continued to "help" El Salvador with military aid.
returned to El Salvador from Mexico early in October. Less than
two months later he was dead, along with the five others from the
FDR leadership; their mutilated bodies were dumped on roadsides
near the capital. Enrique had been shot 12 times, and his right
arm was nearly severed from his shoulder. The murderers called themselves
the "General Maximiliano Hernández Martínez anti-Communist
Brigade," named for El Salvador's military dictator of the 1930s.
In reality they were elements of the official security forces, increasingly
backed by the United States.
Alvarez Córdova was born and raised in the privileged class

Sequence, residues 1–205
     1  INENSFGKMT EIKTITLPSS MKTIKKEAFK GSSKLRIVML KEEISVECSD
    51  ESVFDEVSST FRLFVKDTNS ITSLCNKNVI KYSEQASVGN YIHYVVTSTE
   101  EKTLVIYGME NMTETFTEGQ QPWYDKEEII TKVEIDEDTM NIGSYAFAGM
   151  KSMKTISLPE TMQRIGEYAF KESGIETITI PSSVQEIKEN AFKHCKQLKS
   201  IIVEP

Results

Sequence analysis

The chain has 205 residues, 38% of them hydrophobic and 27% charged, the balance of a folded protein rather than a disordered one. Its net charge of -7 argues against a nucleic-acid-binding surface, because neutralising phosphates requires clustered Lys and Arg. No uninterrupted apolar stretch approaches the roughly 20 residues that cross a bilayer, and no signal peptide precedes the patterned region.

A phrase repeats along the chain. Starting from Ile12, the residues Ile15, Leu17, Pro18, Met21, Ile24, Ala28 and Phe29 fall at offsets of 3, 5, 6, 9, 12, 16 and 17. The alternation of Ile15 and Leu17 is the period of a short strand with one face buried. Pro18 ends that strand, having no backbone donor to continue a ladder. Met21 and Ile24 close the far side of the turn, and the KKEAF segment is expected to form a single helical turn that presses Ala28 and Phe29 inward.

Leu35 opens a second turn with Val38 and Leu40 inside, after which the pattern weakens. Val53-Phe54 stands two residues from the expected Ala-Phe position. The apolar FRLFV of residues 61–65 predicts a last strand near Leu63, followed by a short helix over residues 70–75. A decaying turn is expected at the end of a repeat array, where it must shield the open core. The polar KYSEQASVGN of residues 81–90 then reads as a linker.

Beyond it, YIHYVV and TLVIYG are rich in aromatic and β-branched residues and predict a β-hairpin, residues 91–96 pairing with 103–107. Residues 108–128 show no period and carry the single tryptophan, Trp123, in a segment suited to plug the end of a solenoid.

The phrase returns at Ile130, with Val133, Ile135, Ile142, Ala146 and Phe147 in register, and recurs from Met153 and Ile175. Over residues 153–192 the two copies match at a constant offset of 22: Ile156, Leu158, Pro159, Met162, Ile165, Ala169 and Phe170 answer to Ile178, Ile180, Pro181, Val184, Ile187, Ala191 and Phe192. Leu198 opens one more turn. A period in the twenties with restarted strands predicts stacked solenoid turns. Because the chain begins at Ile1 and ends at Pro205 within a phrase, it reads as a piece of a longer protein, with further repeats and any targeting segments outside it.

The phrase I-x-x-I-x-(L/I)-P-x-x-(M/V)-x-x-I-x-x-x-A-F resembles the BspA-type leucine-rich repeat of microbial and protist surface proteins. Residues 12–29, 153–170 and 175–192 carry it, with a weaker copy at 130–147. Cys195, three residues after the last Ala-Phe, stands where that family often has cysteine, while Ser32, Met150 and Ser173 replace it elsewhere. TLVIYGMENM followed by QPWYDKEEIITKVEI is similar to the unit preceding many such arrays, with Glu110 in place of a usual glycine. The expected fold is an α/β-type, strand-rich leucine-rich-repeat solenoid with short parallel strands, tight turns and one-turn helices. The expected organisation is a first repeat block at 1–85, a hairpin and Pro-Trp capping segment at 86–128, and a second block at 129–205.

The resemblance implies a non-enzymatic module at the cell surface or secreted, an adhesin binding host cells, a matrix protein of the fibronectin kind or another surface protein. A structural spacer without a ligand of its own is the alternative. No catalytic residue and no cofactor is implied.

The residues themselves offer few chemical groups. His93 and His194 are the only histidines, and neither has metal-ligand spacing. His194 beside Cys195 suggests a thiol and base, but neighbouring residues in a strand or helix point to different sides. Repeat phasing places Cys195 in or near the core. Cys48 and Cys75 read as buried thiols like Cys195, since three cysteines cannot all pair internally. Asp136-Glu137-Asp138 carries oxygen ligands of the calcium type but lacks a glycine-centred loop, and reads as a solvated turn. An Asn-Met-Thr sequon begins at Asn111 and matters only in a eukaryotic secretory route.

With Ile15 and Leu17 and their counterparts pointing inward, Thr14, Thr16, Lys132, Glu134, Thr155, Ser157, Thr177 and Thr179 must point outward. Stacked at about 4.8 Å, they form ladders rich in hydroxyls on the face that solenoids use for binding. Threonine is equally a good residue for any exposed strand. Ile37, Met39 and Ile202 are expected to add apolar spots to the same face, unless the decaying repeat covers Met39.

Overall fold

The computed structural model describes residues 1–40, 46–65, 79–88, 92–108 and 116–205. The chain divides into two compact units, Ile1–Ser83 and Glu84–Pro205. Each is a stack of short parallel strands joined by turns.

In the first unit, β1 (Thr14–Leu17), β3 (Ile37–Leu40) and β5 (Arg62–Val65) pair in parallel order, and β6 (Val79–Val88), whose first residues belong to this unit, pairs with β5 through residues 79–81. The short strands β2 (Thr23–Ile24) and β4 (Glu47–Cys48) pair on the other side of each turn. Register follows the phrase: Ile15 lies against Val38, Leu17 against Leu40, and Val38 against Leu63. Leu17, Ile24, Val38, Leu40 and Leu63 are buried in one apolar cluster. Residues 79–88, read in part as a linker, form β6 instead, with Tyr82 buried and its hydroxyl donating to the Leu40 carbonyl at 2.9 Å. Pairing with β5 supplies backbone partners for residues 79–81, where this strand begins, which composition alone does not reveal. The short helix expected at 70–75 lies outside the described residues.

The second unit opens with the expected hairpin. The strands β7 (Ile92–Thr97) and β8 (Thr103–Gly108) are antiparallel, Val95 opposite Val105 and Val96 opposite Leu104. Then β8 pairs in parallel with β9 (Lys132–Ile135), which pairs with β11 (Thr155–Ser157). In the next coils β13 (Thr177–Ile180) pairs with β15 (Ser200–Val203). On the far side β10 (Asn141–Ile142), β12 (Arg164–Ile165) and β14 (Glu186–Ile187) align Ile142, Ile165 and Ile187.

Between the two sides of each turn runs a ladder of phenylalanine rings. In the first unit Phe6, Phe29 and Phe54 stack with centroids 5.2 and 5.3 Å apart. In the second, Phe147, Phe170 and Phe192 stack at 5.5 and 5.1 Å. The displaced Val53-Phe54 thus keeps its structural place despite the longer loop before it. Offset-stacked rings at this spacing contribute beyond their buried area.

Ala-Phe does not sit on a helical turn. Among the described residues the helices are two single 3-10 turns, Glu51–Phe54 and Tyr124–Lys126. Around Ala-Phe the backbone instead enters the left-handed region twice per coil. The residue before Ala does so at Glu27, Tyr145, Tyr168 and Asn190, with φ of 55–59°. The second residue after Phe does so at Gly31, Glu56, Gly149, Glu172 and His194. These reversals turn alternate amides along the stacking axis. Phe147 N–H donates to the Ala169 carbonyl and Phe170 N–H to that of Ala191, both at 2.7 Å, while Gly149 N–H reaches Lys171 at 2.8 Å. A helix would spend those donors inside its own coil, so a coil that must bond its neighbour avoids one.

those same armed forces existed to protect. How could such a man--together
with campesinos, workers, teachers, priests and nuns--fall victim
to El Salvador's reign of terror? The answer is complicated, but
it is also simple. Enrique had, very consciously, chosen the side
of the majority of the people. Salvadoran poet Alfonso Quijada Urías
came close to the heart of it. In "The murder of the polo champion"
he wrote, "They killed him ... above all because he began to walk
like a poor man among the poor."
Note: This article appeared in Peacework Magazine, November 2000. Peacework
is published by the American Friends Service Committee in New England.
Another article about El Salvador, describing a current problem
of U.S. military presence, is here